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Candy manufacturer, staffing agency cited by OSHA

A Massachusetts candy manufacturer and its staffing provider have been cited by the Occupational Safety and Health Administration after a temporary worker’s left index finger was amputated while operating a machine.

The temporary worker was operating a candy-wrapping machine at a Cambridge, Mass., subsidiary of Tootsie Roll Industries Inc. on Jan. 6, 2016, when part of his finger was cut off. OSHA determined the incident could have been avoided with proper training.

MJR, a Boston staffing company that does business as Snelling Staffing Services, supplied the worker to Cambridge Brands Inc.’s production facility.

A subsequent inspection by OSHA found that:

“This was a joint employment situation in which MJR supplied and paid the worker and Cambridge Brands, as host employer, supervised and dictated temporary employees’ work. Both employers had a responsibility to adequately train temporary workers about hazards and safeguards associated with their work duties and both failed to do so,” said Anthony Covello, OSHA’s area director for Middlesex and Essex counties. “We found that the temporary workers did not receive the same level of training as permanent employees at Cambridge Brands. Adequate and effective training is essential so employees can identify and avoid work-related hazards and injuries.”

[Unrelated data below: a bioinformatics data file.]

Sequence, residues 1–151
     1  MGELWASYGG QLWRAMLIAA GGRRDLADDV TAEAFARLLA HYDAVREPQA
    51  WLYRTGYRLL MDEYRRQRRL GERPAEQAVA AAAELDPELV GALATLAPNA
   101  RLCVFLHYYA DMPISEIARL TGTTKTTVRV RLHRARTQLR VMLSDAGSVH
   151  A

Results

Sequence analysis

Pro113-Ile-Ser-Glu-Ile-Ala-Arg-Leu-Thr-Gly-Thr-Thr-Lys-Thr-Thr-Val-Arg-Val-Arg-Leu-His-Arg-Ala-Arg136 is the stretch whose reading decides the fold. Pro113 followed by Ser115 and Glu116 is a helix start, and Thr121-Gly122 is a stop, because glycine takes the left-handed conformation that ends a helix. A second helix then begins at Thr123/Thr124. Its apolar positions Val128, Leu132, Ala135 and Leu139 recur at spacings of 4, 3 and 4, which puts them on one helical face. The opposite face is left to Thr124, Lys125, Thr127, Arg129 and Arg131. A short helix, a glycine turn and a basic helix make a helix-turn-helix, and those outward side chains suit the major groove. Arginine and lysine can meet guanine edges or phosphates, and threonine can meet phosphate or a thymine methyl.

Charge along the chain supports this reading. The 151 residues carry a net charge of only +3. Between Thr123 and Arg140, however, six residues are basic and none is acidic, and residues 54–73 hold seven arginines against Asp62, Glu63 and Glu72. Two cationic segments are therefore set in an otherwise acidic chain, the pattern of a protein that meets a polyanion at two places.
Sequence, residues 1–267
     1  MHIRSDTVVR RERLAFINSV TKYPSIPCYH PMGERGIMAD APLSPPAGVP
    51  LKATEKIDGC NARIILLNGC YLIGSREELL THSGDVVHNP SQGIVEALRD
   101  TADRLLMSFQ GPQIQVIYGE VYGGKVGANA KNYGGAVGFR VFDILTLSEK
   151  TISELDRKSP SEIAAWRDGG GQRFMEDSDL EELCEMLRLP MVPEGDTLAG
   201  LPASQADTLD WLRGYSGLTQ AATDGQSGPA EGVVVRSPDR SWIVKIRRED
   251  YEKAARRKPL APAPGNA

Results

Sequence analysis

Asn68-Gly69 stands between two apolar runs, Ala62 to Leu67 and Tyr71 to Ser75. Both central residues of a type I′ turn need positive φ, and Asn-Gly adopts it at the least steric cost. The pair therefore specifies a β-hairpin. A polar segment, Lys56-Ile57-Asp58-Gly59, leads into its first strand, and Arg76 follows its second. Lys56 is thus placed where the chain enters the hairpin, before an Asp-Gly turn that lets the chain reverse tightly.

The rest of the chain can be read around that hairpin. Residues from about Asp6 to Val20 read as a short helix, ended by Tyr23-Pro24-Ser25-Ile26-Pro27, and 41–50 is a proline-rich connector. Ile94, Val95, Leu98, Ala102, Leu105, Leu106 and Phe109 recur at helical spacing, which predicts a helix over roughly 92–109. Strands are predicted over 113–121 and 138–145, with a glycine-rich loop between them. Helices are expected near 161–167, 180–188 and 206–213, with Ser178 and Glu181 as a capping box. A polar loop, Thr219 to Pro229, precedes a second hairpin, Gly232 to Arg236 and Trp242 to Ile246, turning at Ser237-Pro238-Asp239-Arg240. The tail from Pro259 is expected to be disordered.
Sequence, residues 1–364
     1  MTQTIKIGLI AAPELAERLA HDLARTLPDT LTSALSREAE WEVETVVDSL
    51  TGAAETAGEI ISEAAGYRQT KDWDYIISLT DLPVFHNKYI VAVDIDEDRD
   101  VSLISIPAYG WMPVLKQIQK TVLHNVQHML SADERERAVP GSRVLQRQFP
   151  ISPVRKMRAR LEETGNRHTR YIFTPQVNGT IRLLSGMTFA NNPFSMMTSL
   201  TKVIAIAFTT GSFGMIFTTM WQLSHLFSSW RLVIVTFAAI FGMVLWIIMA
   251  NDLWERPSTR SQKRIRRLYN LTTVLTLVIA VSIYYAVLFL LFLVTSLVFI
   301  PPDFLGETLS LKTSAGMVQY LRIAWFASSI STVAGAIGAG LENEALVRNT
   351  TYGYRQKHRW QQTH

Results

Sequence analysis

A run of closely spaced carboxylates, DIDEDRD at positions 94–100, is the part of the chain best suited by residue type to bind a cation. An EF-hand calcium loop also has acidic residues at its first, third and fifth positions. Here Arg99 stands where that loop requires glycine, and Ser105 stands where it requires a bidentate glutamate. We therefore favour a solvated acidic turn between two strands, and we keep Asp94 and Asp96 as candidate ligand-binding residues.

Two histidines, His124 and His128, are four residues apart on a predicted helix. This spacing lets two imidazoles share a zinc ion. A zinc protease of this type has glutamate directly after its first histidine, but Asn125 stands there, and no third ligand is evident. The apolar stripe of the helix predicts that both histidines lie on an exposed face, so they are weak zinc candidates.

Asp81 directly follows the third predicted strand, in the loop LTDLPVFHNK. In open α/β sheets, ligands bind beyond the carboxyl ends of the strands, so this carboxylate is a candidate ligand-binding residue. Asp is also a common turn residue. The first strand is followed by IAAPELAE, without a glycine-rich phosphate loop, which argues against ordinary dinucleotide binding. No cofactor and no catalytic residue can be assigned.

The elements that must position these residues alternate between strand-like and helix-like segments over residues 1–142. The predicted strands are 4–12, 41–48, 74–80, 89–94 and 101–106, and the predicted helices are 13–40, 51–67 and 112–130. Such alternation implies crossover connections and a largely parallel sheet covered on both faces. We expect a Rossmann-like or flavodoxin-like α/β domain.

As a result of its findings, OSHA cited Cambridge Brands for two repeat, three serious and one other than serious violations and MJR Management for two serious violations of workplace safety standards. The repeat violations to Cambridge Brands stem from OSHA’s citing Tootsie Roll Industries in 2010 and 2014 for similar machine-guarding hazards at its Chicago location.

Cambridge Brands faces a total of $46,000 in proposed penalties while MJR Management faces $9,000 in penalties.

Neither employer reported the injury to OSHA. Employers are required to report  any workplace incident that results in the in-patient hospitalization, amputation or loss of an eye of one or more employees within 24 hours, Covello said.